Breakthroughs in how we understand the human brain's structure and internal communication networks are helping scientists track neurological changes over time.
Dr. Nathan Spreng, assistant professor at Cornell University's Department of Human Development, is using advancement in neuroimaging to better understand how the brain functions and changes as we age.
At Cornell University, Dr. Nathan Spreng is assistant professor and the director of the Laboratory of Brain and Cognition in the Department of Human Development. He is also a Rebecca Q. and James C. Morgan Sesquicentennial Faculty Fellow. His research currently focuses on large scale brain dynamics and their function in cognition. He earned his PhD from the University of Toronto.
Dr. Nathan Spreng - The Aging Brain Network
Over the last several decades there have been incredible advances in our ability to study the structure and function of the brain in living humans. Advanced neuroimaging techniques such as Magnetic Resonance Imaging, or MRI, are rapidly opening up new frontiers for studying the brain as it ages and undergoes pathological changes in neurodegenerative disorders such as Alzheimer’s Disease.
One of the most exciting frontiers in this regard is the reconceptualization of the brain as a complex system of many large and constantly interacting networks of brain regions. Seen through the lens of a ‘networked brain’, cognition is considered to be an emergent property of synchronized neural activity within and between these networks. As a direct corollary of this model, cognitive decline in aging and brain disease is increasingly ascribed to reductions in structure and/or function within these large-scale brain networks.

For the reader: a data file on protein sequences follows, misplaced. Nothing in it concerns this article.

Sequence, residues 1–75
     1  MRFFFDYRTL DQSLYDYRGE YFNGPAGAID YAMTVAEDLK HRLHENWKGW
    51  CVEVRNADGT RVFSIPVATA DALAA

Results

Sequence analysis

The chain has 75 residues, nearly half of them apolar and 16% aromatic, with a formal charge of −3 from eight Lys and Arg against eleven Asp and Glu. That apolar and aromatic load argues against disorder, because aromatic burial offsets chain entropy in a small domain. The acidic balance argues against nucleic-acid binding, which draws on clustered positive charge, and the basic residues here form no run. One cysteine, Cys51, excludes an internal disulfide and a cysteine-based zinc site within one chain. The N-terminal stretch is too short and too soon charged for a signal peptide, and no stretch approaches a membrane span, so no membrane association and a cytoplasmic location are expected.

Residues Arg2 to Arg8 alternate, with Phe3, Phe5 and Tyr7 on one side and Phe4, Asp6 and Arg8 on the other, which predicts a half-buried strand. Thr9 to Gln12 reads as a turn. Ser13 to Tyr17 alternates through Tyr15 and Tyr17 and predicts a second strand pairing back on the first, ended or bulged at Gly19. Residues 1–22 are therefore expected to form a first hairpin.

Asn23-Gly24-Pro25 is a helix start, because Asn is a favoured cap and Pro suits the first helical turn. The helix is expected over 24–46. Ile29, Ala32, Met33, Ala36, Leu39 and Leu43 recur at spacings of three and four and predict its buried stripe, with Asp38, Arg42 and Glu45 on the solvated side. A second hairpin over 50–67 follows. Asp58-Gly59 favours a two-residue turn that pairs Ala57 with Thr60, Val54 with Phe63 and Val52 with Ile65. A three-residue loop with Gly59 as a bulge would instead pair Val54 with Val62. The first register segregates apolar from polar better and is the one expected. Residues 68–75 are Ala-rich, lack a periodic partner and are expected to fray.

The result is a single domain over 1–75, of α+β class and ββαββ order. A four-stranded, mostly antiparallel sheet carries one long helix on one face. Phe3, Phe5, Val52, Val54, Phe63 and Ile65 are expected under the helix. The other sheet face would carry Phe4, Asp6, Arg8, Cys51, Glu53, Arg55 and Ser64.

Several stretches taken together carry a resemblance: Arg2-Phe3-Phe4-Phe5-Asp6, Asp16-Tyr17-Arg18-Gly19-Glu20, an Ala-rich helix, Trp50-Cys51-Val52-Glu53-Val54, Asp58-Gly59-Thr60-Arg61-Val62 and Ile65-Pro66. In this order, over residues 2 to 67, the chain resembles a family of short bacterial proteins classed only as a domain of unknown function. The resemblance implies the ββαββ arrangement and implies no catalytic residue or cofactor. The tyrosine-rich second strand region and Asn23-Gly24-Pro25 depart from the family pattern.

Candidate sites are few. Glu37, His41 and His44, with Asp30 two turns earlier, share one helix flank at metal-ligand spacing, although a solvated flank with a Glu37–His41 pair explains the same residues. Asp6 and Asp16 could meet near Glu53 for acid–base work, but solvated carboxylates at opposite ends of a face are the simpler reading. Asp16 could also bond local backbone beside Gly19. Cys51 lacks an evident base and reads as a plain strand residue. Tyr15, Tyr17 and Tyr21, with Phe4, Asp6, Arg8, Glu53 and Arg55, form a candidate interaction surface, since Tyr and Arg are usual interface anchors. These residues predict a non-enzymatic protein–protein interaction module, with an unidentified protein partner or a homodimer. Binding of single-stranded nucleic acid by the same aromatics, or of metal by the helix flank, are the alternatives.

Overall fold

Our research investigated whether brain changes associated with the transition from healthy aging to Alzheimer’s Disease might follow a coherent trajectory of decline within large-scale networks. Our data suggest that this is indeed the case. We’ve now demonstrated that reductions in brain density in the default network, a collection of brain regions implicated in aspects of internal thought such as memory, are greater in older adults with mild cognitive impairment who go onto to develop Alzheimer’s Disease than in those who do not. Thus structural changes in the default network may be an important early marker of disease onset. We have also shown that reductions in brain density within the default network are robustly associated with reduced cognitive status as well as increased genetic risk for developing the disease.
Rapid and dramatic advances in neuroimaging are providing the tools to study the network architecture of the human brain in health and disease. Our work continues to leverage these advances to investigate aging and neurodegeneration through the lens of the networked brain – and ultimately to derive clinically useful diagnostic and prognostic neural markers of the transition from healthy aging to Alzheimer’s Disease.